ADVERTISEMENT
ADVERTISEMENT

Fanning trouble

Fanning trouble
Highlights

The ugly face of unruly mob fury has once again brought disrepute to India. What happened in Cuttack on Monday was not an isolated case. And quite certainly it will not be the last. Ironically, Cuttack joins the famed Eden Gardens in the Hall of Shame.

The ugly face of unruly mob fury has once again brought disrepute to India. What happened in Cuttack on Monday was not an isolated case. And quite certainly it will not be the last. Ironically, Cuttack joins the famed Eden Gardens in the Hall of Shame.

In a way, the crowd reaction after the Men in Blue hit a new low was considerably less scornful than the manner the vociferous crowds went berserk in the City of Joy on at least two infamous occasions.

The crowd, unable to digest a semifinal exit from the 1996 World Cup, went on the rampage that saw the island-nation getting a verdict in their favour.

The mayhem during the India-Pakistan Asia Cup match was a glorified demonstration of the public anger and frustration when India faced an imminent defeat.

There is a systematic pattern to the three incidents – volatile condemnations stem when India faces ignominy in the backyard.However, it is too wrong to call for a ban on Barabati Stadium.

The way people in the know-of-things, Sunil Gavaskar for instance, are demanding a two-year international moratorium on the stadium is amateurishly unwarranted but also exposes the double standards of these ‘gentlemen.’

It is a bit too exaggerated a reaction that the BCCI has sought a report from Orissa Cricket Association on the crowd trouble. Why should the obscure Barabati be singled out for such a punishment when Eden Gardens has been witness to more large-scale violence, including burning of a section of the stands?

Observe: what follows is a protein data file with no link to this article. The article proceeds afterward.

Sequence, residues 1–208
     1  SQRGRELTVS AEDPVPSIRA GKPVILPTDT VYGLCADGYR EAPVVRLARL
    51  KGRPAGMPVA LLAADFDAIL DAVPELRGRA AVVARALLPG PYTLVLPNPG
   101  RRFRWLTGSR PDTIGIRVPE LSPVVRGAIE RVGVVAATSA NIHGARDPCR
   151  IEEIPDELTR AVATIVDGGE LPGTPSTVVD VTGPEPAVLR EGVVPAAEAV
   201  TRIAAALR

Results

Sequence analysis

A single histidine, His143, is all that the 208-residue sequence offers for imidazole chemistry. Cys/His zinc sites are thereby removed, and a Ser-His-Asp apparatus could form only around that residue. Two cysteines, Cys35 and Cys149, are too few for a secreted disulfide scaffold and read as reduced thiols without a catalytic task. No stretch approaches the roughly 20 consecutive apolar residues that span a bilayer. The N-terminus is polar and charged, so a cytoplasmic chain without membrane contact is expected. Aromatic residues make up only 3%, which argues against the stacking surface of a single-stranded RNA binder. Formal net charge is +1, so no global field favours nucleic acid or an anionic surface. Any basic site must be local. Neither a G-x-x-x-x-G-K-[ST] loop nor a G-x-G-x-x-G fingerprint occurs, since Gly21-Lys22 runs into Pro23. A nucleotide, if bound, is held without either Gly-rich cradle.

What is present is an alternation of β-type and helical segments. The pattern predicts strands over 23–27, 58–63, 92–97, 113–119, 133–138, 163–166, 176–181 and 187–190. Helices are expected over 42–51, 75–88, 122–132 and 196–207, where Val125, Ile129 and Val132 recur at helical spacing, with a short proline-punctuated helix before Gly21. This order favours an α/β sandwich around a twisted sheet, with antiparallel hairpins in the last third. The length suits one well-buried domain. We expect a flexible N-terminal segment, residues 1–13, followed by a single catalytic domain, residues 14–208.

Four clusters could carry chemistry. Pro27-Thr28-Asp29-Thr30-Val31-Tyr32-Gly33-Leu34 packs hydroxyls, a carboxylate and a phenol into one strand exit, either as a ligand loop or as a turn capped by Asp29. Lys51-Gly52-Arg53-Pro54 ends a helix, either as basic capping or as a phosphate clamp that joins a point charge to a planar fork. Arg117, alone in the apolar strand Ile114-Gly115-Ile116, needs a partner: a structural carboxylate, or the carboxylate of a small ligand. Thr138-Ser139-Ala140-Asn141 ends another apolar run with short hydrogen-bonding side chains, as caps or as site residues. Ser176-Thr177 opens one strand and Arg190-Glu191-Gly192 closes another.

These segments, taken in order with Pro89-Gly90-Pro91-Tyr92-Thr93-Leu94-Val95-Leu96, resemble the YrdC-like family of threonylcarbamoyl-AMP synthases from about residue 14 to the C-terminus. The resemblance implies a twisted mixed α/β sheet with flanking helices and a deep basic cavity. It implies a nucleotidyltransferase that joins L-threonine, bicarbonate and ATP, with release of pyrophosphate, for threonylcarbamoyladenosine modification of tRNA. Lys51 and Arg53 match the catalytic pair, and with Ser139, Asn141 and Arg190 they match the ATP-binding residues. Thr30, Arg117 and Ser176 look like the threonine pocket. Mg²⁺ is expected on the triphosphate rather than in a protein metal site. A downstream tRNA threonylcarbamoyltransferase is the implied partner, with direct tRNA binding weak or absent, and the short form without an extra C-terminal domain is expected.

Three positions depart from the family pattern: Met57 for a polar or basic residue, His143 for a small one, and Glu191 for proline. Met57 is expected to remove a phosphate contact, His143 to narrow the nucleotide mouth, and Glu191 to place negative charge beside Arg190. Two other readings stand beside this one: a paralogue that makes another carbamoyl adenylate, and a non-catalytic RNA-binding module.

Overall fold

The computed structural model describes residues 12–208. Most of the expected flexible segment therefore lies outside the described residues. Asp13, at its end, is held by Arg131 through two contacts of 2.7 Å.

Why is that none of the honourable men called for a ban on India’s most profound cricket stadium? Answers for these will elude the best of brains.

Taken as a larger picture, such incidents are pretty common in world football. The beautiful game is often a victim of racism and hooliganism that has seen many a battle getting abandoned and rioters being jailed.

It is practically impossible to have a code of conduct for fans. Moreover, when the players take pride in making a mockery of established norms, ethics and codes, why will the fans, who pay money to watch matches,

restrain their natural tendencies? In the given circumstances, one should appreciate the maturity that has been shown by Mahendra Singh Dhoni. His reaction was typical of Captain Cool-more practically pragmatic and not meant to please the galleries.

In his own nonchalant manner, Dhoni has set a gentlemanly example, which the likes of Gavaskar (who is apparently trying to please Shashank Manohar and for obvious reasons) should take cue before airing their views.

The Orissa Cricket Association is right when it maintains that Gavaskar was not the authority to decide on international engagements and fixtures.

By stating that the crowd behaviour was a reflection of India's poor cricket and one should not read too much into it, Dhoni has demonstrated that he is a cut above the retired cricketers and administrators.

Lest one forgets, cricketers fight on the field and policy makers come to blows in Parliament and Legislatures.

Editor: Prof K Nageshwar

Show Full Article
Download The Hans India Android App or iOS App for the Latest update on your phone.
Subscribed Failed...
Subscribed Successfully...
More Stories


Top